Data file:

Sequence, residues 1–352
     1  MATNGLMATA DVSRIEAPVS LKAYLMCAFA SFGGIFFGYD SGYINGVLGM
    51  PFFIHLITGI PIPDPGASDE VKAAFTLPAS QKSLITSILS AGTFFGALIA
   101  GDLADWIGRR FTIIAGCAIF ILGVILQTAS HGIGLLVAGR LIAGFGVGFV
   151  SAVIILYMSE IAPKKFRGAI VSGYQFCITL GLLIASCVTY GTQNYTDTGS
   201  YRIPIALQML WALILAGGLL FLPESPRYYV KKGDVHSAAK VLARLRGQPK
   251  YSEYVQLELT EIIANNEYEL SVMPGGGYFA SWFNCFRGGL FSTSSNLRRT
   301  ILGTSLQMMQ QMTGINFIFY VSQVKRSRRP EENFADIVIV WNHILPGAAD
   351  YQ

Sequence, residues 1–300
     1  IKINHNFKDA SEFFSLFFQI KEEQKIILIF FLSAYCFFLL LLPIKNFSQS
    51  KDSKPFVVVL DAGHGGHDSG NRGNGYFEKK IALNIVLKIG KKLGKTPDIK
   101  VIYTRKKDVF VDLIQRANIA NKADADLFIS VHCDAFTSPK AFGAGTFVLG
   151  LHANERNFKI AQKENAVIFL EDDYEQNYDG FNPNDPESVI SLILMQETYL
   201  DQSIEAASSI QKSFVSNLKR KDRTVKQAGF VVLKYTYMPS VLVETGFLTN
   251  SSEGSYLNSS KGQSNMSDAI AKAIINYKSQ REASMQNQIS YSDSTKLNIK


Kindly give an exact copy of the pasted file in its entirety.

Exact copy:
Sequence, residues 1–352
     1  MATNGLMATA DVSRIEAPVS LKAYLMCAFA SFGGIFFGYD SGYINGVLGM
    51  PFFIHLITGI PIPDPGASDE VKAAFTLPAS QKSLITSILS AGTFFGALIA
   101  GDLADWIGRR FTIIAGCAIF ILGVILQTAS HGIGLLVAGR LIAGFGVGFV
   151  SAVIILYMSE IAPKKFRGAI VSGYQFCITL GLLIASCVTY GTQNYTDTGS
   201  YRIPIALQML WALILAGGLL FLPESPRYYV KKGDVHSAAK VLARLRGQPK
   251  YSEYVQLELT EIIANNEYEL SVMPGGGYFA SWFNCFRGGL FSTSSNLRRT
   301  ILGTSLQMMQ QMTGINFIFY VSQVKRSRRP EENFADIVIV WNHILPGAAD
   351  YQ

Sequence, residues 1–300
     1  IKINHNFKDA SEFFSLFFQI KEEQKIILIF FLSAYCFFLL LLPIKNFSQS
    51  KDSKPFVVVL DAGHGGHDSG NRGNGYFEKK IALNIVLKIG KKLGKTPDIK
   101  VIYTRKKDVF VDLIQRANIA NKADADLFIS VHCDAFTSPK AFGAGTFVLG
   151  LHANERNFKI AQKENAVIFL EDDYEQNYDG FNPNDPESVI SLILMQETYL
   201  DQSIEAASSI QKSFVSNLKR KDRTVKQAGF VVLKYTYMPS VLVETGFLTN
   251  SSEGSYLNSS KGQSNMSDAI AKAIINYKSQ REASMQNQIS YSDSTKLNIK